Thursday, November 21, 2013

Scrapping Obamacare's Healthcare.gov for Medicare.gov


The problems plaguing HealthCare.gov saturate the news cycle as one story after another documents the difficulties uninsured Americans are encountering as they attempt to sign up for health insurance coverage on the online federal exchange.  The question that comes to mind as I hear the stories about low sign-up rates due to glitches on the exchange is why wasn't HealthCare.gov built in the image of medicare.gov?

We are currently in Medicare's open enrollment period, October 15th to December 7, and I have been working with beneficiaries to sign them up or review their current plan options through medicare.gov, Medicare's official website.  The website works seamlessly as I research its databases to find available plans; review costs and benefits; screen beneficiaries for Extra Help or Prescription Advantage, the federal and state federal assistance programs that help low-income and low-asset beneficiaries with Medicare Part D drug plan costs; and provide enrollment assistance.


Tuesday, October 29, 2013

Vermont Moves Ahead With Plans for Universal Healthcare System as Nation Implements Obamacare


In 2017, Vermont is expected to launch Green Mountain Care (GMC), its mostly payroll-tax financed, single-payer healthcare system, in which the state instead of private insurers will cover healthcare costs. Providers will be allocated a set budget for a set number of patients, as the state phases out the current fee for service system that reimburses providers for each task they perform.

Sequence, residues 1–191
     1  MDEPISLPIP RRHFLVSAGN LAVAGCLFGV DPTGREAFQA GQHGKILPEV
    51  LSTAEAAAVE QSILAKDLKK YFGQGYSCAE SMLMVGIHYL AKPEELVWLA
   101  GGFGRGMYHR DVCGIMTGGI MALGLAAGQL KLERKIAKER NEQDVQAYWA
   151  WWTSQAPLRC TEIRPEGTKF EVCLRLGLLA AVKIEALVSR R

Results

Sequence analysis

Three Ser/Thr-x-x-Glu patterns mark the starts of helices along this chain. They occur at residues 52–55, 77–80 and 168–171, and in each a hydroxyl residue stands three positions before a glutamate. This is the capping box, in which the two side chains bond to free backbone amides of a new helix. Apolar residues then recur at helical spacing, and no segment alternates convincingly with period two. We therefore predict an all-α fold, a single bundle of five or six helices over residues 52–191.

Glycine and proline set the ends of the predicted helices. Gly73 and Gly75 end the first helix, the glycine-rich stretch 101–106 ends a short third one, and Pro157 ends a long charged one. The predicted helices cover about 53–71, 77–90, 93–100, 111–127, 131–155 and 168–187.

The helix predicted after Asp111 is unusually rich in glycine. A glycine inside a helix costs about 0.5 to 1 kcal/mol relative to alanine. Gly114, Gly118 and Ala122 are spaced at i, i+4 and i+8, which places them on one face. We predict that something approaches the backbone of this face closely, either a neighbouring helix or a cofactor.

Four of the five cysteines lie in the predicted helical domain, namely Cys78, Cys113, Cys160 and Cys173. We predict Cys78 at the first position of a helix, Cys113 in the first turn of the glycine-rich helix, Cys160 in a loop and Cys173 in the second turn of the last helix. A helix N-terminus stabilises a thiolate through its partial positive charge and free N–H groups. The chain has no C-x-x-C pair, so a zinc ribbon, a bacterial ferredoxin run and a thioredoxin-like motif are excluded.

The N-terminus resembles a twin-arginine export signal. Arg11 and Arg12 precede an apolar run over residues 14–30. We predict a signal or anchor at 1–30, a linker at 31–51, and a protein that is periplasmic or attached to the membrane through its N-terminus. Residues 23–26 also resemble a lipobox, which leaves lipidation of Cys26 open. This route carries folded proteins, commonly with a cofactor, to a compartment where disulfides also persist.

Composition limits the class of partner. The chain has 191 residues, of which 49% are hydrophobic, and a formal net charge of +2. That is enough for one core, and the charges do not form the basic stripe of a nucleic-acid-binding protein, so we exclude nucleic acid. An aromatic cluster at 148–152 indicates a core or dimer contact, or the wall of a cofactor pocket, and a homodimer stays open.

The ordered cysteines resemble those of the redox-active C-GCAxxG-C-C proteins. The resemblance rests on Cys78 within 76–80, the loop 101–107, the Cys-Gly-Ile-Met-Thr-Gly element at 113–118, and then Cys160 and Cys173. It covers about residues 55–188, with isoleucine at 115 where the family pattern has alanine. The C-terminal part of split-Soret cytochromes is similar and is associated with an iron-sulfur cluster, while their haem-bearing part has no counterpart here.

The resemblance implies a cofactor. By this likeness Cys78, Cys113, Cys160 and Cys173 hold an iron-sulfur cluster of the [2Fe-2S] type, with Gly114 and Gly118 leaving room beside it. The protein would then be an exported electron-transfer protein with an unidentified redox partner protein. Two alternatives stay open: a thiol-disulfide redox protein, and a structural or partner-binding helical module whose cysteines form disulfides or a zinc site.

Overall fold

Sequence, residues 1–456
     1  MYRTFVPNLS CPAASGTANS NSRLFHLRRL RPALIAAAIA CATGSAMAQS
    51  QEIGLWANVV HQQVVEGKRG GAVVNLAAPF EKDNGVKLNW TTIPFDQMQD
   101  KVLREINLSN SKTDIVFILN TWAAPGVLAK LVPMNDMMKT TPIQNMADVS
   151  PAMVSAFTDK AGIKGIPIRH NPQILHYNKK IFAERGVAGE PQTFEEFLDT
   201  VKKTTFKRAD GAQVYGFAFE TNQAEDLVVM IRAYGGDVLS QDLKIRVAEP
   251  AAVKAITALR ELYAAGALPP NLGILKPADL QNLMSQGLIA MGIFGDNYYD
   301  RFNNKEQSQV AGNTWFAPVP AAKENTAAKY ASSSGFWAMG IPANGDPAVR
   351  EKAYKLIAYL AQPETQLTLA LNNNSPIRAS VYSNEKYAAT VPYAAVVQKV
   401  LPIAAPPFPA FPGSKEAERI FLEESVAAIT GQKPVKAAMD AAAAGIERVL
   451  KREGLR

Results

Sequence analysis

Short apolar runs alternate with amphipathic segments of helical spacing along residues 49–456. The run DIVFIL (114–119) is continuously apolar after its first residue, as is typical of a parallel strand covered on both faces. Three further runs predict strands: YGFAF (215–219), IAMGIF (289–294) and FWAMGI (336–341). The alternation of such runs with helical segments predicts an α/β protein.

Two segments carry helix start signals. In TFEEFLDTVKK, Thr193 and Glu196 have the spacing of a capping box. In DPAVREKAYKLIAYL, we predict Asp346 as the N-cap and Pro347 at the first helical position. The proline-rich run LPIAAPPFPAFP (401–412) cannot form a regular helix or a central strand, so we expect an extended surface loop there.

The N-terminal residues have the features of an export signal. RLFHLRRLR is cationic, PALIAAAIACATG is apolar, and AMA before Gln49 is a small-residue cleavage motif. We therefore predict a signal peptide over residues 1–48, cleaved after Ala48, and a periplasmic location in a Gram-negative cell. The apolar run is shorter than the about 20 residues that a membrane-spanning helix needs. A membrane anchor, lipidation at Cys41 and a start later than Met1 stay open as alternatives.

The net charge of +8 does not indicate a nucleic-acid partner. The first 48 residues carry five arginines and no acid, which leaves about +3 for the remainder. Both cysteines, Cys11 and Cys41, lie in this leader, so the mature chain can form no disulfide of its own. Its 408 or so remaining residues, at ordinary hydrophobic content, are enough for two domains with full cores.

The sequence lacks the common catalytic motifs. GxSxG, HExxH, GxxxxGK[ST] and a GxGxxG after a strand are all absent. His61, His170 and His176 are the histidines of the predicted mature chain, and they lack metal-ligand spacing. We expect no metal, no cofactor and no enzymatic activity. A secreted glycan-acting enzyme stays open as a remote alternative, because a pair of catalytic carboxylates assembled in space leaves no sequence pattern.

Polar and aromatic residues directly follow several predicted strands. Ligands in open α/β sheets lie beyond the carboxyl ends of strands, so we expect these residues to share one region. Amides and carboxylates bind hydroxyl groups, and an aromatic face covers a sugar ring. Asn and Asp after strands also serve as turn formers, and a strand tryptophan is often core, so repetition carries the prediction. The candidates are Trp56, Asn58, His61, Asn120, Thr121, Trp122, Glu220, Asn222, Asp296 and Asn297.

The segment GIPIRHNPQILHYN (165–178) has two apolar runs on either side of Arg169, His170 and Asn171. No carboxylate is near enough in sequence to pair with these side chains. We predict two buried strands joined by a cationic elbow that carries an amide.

Thursday, August 15, 2013

Finally! A Resource for Evaluating Nursing Home Care


There are 1.5 million people in nursing homes throughout the nation, and the population is expected to grow by 40% over the next decade.  


Source: auroragov.org
For those seeking a tool that assesses the state of these facilities as they or their relatives consider entering one, there's a guide in Families for Better Care's recent report that evaluates each state's care delivery. 

Organized as a report card, the document assigns a letter grade to each state. Topping the report's list with A's are Alaska, Rhode Island, New Hampshire, Hawaii, Oregon, Maine, Utah, Idaho, South Dakato and North Dakota. Earning F's are Texas, Louisiana, Indiana, Oklahoma, Missouri, New Mexico, New York, Michigan, Nevada, Illinois and Iowa. 


Wednesday, August 7, 2013

Nigeria Debates Child Marriage as Swaziland Ties Ban on Practice to Health, Fight Against HIV


Lately, there has been a flurry of activities on the issue of child marriage in various parts of the world, including Africa.

In July, the Nigerian legislature attempted but failed to repeal a provision in its constitution that allows child marriage. Sen. Ahmed Yerima, who married a 13-year-old Egyptian child in 2010 at age 49 after paying a $100,000 dowry, successfully foiled the repeal by framing it as an attack on Islam.

Meanwhile in Swaziland, a soccer player was arrested for violating the country's 2012 Child Protection and Welfare Act, which banned marriages between young women under age 18 and adult men. Violators face an R20,000 ($2,000) fine, statutory rape charges, the marriage's annulment and up to 20 years imprisonment. Colluding parents face similar charges.   

Sunday, March 17, 2013

Partnership Between Chronically Ill Patients and Their Providers the Way of the Future


Marshall Kettelhut, who lives with the challenge of managing a multitude of serious conditions such as diabetes, heart failure, chronic obstructive pulmonary disease, obesity, high blood pressure, sleep apnea and irregular heartbeat — as well as bouts of anxiety and depression, frequently gets sneak peaks into how chronic diseases will be managed in the future.